Reading the signals: a long way to go to fix the subways

Reading the signals: a long way to go to fix the subways

Two things are clear to me from yesterday’s City Council hearing on the crisis facing NYC’s subways: First, there’s no quick & easy fix. Second, unfortunately, Governor Cuomo and the MTA are not yet serious about putting forward a real, long-term solution.

So, we’re going to need to keep organizing until they do.  

The governor’s newly-appointed MTA Chairman, Joe Lhota -- who has made plenty of time to play the blame-game in the media, and is demanding hundreds of millions from New York City for his short-term, band-aid approach -- did not even bother to show up.

Meanwhile, the MTA officials who did attend had almost nothing to say about the number one long-term need: replacing our 1930s-era signals with a modern, communications-based signal system.

According to the MTA’s own, 20-year needs assessment, signal failure is the leading cause of the subway delays. Research from the Regional Plan Association and the New York Times make it clear that modernizing the signal system is essential to bring greater reliability, speed, and capacity to the system.

And most of you agree. Of the 1,400+ of you who took our survey last week, 78% said that modernizing the signals should be the top subway improvement priority.

Unfortunately, the MTA is doing nothing to expedite its plans to modernize our signals. While London and Paris are moving quickly to replace their signal systems, the MTA “plan” would take 50+ years. We can dramatically accelerate the pace: we could modernize half the system over the next decade (and the full system in two) -- but only if we have a real leadership commitment, and sufficient, dedicated funding.

It will cost about $20 billion to get modern, communications-based signals on all 22 NYC subway lines. Right now, just $2.1 billion is set aside in the MTA’s capital budget to get these new signals on a handful of lines. That leaves an $18 billion gap -- or about $800 million per year, over the next 25 years.

That’s why I support the Millionaire’s Tax that Mayor de Blasio proposed this week, which would generate about that much each year (and as this stunning research shows, shows we could use this progressive tax to help balance the scales of our increasingly unequal economy). If you agree, you can sign this petition to Governor Cuomo (who, it bears repeating, controls the MTA).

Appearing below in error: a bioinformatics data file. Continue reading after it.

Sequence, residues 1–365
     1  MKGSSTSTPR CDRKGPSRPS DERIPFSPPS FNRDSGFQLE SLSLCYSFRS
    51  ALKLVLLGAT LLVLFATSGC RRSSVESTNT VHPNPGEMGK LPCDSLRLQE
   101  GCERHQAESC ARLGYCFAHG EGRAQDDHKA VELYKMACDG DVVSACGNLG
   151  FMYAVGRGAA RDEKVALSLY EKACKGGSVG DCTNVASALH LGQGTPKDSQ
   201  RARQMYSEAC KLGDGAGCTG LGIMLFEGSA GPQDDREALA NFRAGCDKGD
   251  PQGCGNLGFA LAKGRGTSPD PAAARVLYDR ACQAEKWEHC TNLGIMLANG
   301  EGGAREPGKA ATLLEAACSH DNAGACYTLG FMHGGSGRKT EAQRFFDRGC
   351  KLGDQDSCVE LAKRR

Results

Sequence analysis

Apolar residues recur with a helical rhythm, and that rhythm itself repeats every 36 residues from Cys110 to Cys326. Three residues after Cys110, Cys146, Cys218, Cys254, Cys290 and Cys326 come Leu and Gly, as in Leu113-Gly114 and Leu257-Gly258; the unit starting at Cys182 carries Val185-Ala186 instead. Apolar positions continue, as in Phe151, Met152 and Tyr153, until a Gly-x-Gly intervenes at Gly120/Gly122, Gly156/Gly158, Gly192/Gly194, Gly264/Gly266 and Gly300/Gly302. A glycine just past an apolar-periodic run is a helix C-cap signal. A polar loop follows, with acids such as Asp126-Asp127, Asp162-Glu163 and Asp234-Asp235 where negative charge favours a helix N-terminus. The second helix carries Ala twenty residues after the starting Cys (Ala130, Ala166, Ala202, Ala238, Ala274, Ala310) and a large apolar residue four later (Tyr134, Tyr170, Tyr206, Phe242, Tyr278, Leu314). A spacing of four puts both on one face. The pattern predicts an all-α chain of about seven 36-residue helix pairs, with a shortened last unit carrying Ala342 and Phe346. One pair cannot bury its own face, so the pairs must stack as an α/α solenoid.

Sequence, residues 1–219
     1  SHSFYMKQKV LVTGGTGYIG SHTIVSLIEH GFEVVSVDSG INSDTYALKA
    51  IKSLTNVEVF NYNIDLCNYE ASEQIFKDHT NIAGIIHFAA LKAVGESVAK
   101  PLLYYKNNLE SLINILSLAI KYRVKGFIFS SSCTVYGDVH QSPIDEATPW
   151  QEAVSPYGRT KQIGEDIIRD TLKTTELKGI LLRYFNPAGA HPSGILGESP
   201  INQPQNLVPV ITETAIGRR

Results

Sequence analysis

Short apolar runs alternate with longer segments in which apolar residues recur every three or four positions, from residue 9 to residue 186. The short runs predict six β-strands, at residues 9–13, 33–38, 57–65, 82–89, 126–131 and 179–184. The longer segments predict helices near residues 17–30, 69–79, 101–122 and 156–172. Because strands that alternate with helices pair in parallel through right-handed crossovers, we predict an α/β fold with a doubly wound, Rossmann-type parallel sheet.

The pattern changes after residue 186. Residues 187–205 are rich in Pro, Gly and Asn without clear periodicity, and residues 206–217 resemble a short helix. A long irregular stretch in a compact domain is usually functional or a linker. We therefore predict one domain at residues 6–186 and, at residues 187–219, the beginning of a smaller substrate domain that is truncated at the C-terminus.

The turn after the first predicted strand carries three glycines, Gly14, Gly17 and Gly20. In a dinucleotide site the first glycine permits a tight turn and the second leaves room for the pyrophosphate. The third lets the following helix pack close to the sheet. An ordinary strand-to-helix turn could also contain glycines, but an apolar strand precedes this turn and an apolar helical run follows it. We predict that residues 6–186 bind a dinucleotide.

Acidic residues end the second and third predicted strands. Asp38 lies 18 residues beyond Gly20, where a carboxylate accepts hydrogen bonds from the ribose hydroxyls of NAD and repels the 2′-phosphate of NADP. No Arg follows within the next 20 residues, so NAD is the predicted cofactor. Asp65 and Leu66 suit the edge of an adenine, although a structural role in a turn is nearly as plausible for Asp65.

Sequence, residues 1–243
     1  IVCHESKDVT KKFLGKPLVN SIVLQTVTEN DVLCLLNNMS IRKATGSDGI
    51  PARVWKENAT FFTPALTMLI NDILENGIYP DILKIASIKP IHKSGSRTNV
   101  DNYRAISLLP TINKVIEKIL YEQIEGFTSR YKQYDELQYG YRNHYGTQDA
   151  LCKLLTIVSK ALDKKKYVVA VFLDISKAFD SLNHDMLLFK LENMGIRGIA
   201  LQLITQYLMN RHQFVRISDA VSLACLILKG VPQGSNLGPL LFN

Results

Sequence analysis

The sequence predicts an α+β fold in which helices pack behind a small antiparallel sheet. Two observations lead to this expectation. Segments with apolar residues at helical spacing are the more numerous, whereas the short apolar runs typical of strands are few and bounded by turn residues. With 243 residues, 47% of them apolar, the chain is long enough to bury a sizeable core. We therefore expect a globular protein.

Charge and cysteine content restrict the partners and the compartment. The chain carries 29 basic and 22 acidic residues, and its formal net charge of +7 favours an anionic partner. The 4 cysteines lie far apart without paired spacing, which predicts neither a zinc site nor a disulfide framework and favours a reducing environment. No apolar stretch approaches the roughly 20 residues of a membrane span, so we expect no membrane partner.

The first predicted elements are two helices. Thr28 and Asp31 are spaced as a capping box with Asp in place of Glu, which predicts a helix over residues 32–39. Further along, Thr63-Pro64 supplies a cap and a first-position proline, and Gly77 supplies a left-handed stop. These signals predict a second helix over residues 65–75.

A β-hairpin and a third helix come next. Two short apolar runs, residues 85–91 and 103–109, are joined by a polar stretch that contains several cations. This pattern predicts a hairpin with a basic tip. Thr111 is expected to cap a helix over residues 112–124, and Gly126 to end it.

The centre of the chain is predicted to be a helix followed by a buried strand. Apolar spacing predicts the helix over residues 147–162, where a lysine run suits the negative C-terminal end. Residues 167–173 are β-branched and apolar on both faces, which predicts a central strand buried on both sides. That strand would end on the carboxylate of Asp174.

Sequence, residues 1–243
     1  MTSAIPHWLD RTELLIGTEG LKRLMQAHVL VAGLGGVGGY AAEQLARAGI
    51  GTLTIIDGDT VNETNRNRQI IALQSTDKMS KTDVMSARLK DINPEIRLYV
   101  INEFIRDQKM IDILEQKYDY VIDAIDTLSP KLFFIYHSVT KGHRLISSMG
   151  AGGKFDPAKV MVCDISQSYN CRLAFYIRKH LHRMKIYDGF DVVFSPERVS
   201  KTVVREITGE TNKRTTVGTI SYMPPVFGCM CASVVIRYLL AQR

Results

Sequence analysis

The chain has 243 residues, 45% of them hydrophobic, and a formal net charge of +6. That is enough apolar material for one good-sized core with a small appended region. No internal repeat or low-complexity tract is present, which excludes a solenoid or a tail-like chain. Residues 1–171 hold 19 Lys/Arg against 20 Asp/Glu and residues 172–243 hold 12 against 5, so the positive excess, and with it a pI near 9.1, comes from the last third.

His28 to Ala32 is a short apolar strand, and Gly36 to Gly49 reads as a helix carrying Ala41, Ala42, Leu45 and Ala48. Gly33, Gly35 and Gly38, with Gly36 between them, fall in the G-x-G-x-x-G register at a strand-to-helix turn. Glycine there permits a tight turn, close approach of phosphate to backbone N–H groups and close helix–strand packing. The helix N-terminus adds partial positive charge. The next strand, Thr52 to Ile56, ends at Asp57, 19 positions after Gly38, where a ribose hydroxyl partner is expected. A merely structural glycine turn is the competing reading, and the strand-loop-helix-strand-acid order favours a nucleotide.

I’m open to other ways of generating the needed revenue, as well. I’m a long-time supporter of the “Move New York” fair-tolling plan (aka congestion pricing), which would have the added benefit of reducing traffic. And we should definitely close the “carried interest” loophole (under which private equity & hedge fund managers pay a far lower income tax rate than the rest of us).

In last week’s survey, respondents spread out across these strategies: between the Millionaire’s Tax (which 25% of you chose), closing the Carried Interest loophole (35%), congestion pricing ( 21%) and reinstating NY’s Commuter Tax (10%). Some of you rightly pointed out that the MTA needs to get more efficient in its spending. But it is not an either/or. We need more efficiency, and we are also going to need more revenue. We got into this crisis through two decades of under-investment.

And let’s remember that while modernizing the signals system is essential, there are many other critical needs as well: Improving accessibility for people with disabilities (including an elevator at the 7th Avenue F station). Purchasing new subway cars. Adequate maintenance and staffing. Better bus service (including a restored B71/Union Street Bus line). We don’t have to choose between these essential needs -- but we will need to have the courage to pay for them.

Any of these options will require strong leadership from the Governor, the State Legislature and the MTA. As the 2018 State elections approach, we must insist that our State leaders create a serious plan for long-term investments and to have the political courage to fund those improvements.

Sign this petition with the WFP to tell Governor Cuomo to raise taxes on the wealthiest 1% of New Yorkers to fix our subway system. Or let him know about which other revenue options you support.

Our city can’t succeed if our subway system fails. So even as there are so many other urgent crises we are facing these days, I promise to keep working with you to make sure we keep focused on this one.   

-- Brad

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